Claims (33)

1. A method performed by one or more computer systems associated with an on-demand service for handling emails, the method comprising:
forwarding, from at least one of the one or more computer systems associated with the on-demand service, information configured for displaying one or more user interfaces on a display device, the one or more user interfaces being configured to accept input from users of the one or more user interfaces specifying how the one or more computer systems associated with the on-demand service handle emails;
receiving, at least one of the one or more computer systems, a set of Email To Case settings specified via the one or more user interfaces;
storing, in a storage device associated with the one or more computer systems, the set of Email to Case settings;
receiving an email at least one of the one or more computer systems; and
generating, with one or more processors associated with the one or more computer system, information associated with a Case based on the email and the stored Email to Case settings.
2. The method of claim 1 where receiving, at least one of the one or more computer systems, a set of Email To Case settings specified via the one or more user interfaces comprises receiving at least a routing address associated with a email services address.
3. The method of claim 1 where receiving, at least one of the one or more computer systems, a set of Email To Case settings specified via the one or more user interfaces comprises receiving an indication to store email headers; and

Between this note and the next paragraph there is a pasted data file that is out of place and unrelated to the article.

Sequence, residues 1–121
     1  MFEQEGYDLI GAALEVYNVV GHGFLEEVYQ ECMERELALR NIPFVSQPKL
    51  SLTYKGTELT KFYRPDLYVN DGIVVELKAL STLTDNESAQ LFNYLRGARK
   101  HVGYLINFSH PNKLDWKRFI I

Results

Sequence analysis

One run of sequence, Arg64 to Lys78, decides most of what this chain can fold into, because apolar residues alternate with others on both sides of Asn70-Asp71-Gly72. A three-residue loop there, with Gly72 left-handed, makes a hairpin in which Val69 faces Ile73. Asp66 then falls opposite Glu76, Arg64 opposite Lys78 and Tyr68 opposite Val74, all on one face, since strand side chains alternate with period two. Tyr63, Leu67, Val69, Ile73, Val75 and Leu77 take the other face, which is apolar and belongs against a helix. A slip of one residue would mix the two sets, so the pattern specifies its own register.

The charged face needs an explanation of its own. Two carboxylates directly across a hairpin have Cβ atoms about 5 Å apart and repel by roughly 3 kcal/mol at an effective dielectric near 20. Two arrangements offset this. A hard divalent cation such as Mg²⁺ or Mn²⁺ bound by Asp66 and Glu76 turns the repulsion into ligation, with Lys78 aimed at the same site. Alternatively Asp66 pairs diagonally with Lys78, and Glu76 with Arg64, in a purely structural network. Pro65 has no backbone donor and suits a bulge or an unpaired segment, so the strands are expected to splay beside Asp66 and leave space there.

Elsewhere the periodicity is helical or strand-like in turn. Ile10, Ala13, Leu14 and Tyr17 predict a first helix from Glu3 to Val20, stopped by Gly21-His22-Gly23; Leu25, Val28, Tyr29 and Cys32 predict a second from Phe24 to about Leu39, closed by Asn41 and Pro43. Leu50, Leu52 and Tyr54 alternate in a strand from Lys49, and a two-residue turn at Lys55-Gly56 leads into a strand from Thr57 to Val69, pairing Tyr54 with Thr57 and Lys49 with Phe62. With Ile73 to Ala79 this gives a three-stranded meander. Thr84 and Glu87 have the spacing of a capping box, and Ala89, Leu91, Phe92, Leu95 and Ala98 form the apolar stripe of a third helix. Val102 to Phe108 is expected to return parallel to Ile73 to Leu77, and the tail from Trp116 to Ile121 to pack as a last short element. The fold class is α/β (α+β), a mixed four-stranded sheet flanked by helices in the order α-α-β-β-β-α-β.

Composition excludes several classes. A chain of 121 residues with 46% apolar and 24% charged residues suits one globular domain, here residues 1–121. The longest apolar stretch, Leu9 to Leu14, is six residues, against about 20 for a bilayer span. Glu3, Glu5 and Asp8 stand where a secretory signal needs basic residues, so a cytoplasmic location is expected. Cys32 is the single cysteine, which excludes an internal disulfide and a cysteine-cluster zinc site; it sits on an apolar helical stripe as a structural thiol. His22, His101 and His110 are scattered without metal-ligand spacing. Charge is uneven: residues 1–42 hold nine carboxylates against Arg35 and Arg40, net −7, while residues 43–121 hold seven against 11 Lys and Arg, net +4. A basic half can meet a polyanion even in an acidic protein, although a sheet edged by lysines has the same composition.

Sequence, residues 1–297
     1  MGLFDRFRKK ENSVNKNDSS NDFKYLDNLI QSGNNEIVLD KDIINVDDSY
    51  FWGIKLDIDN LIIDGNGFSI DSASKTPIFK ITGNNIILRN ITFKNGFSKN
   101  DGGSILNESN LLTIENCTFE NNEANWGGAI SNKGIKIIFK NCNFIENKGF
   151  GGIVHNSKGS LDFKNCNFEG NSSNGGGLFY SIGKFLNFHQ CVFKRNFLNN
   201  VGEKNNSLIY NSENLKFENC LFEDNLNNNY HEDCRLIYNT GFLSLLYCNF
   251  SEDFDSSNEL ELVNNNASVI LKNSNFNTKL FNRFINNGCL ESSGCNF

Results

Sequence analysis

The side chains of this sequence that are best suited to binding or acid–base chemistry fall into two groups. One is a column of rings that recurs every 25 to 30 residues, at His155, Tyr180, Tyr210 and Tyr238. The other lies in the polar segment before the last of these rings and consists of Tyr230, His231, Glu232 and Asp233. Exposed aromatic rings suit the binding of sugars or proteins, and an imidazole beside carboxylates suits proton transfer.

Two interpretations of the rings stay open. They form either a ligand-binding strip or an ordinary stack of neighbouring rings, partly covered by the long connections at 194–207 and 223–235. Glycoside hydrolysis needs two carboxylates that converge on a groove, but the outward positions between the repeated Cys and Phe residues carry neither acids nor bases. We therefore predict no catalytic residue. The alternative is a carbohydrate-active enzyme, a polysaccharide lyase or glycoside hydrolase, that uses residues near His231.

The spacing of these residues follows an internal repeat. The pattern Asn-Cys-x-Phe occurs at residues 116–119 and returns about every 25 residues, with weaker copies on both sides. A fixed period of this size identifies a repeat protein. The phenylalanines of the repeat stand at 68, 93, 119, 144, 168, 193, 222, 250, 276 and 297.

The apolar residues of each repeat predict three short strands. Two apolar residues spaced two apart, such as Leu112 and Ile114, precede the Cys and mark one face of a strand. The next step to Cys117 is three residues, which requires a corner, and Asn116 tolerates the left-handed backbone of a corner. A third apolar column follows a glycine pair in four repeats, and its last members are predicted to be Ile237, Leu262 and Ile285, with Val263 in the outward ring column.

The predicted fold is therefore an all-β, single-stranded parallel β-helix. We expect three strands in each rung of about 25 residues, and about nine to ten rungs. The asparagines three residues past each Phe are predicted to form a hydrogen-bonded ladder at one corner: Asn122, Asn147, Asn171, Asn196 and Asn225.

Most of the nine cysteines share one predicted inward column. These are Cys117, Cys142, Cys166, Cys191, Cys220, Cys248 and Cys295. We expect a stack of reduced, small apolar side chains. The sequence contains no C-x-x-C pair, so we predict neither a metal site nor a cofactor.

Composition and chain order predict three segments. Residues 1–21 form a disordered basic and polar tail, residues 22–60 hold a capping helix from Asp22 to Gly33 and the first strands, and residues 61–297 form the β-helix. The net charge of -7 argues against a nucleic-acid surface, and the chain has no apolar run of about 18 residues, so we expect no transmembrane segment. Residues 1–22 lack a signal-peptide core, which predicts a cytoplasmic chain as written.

wherein generating, with the one or more processors associated with the one or more computer system, the information associated with the Case based on the email and the stored Email to Case settings comprises storing metadata associated with the email.
4. The method of claim 1 where receiving, at least one of the one or more computer systems, a set of Email To Case settings specified via the one or more user interfaces comprises receiving information specifying a task to create upon receiving emails; and
wherein generating, with the one or more processors associated with the one or more computer system, the information associated with the Case based on the email and the stored Email to Case settings comprises creating a task for the Case.
5. The method of claim 4 where further comprising setting, with the one or more processors associated with the one or more computer systems, attributes of the task based on the Email to Case settings.